Segment 1 map

Friday, April 23, 2010

Intro: A Journey of Rediscovery

In the spring and summer of 2010, a group of advocates for public access to the Fox River organized a series of kayak and canoe paddling day trips intended to show people the beauty and diverse landscape of the Upper and Lower Fox River – a “Journey of Rediscovery” of the Fox.

Stretching 200 miles through central and northeast Wisconsin from Portage to Green Bay, the Fox flows south to north through wetlands and agricultural fields, past rural retreats and million-dollar homes, through historic villages and industrial cities. To make the paddles as accessible as possible for paddlers of all ages and skill levels, the organizers excluded areas of open water and tough portages. The result was 12 segments over nine weekends covering 120 miles of the Fox River.

People responded. An average of 63 paddlers participated per event with 424 different people taking part in at least one segment and three people completing all 12.

Many of the paddles were followed by presentations on local culture or history. One such program early on featured Ottawa medicine woman Jackie Red-Woman. She told of the power of her carving of a turtle. Placed upside-down, she said, the turtle would divert bad weather around us. Despite forecasts of rain or thundershowers for nearly every segment, none was canceled by weather. We wish you the protection of the turtle as you pursue your own Journey of Rediscovery on the Fox.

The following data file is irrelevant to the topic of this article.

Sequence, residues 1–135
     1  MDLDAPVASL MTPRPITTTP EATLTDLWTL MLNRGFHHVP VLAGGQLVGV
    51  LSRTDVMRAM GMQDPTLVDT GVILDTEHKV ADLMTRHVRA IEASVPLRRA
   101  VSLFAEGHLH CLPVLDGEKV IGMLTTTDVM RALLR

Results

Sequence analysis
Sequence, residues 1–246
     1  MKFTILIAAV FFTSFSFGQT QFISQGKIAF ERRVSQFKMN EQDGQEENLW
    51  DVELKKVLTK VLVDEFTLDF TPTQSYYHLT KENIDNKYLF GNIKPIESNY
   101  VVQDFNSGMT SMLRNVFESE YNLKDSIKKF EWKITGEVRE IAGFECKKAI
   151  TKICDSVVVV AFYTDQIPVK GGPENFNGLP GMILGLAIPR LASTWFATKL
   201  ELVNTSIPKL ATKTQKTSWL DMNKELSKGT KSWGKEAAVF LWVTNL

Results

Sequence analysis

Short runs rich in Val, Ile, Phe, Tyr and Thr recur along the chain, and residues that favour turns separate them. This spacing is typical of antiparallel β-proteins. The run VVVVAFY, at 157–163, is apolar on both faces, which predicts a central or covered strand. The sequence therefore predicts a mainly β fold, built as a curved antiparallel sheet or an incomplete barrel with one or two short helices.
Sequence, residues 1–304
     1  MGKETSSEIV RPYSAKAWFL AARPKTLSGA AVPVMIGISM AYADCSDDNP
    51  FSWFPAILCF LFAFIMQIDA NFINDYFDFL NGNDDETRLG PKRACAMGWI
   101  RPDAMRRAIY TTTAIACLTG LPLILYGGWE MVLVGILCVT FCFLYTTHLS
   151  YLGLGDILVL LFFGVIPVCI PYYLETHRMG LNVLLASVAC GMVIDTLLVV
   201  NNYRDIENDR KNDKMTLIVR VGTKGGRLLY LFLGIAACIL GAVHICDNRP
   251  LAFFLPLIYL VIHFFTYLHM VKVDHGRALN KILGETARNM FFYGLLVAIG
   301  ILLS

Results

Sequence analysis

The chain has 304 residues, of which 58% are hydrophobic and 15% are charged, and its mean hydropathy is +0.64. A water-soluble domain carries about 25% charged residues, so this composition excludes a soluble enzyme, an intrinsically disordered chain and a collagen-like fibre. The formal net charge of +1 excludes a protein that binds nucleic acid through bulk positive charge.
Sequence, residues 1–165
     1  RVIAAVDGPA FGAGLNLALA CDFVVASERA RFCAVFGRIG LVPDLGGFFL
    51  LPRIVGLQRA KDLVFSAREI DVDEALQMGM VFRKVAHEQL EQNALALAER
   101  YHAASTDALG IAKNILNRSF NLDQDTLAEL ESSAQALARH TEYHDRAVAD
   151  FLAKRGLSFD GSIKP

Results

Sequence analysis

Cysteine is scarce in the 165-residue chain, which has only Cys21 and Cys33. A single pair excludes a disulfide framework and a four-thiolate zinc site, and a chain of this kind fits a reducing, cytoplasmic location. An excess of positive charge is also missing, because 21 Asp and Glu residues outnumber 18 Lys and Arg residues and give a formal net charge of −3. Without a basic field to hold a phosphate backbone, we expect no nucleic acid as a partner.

Saturday, April 17, 2010

Sandhills mix it up for annual crane count

By David Horst

I talk to people on occasion – regular readers – who say they would like to come along on one of my outdoor “adventures.”

I like to think I take people along in writing about these opportunities to view nature that come my way, but there’s nothing like experiencing it for yourself. The experience does come with a cost.
For Dick Gosse, the cost was getting up early enough to be in a farm field outside of Hortonville at 5:30 a.m. last Saturday (April 17, 2010).

Gosse is an Outagamie County supervisor, a former Appleton alderman and a very recently retired dentist. More relevant to me, he and his wife, Karen, were the lead donors for the Environmental Stewardship Fund within the Community Foundation for the Fox Valley Region, which I have the pleasure of staffing as part of my day job.

Dick and Karen are devoted environmentalists, from the solar panels on their home to their advocacy for recreation trails.

In short, Dick is the kind of guy you know would enjoy a good sunrise crane show.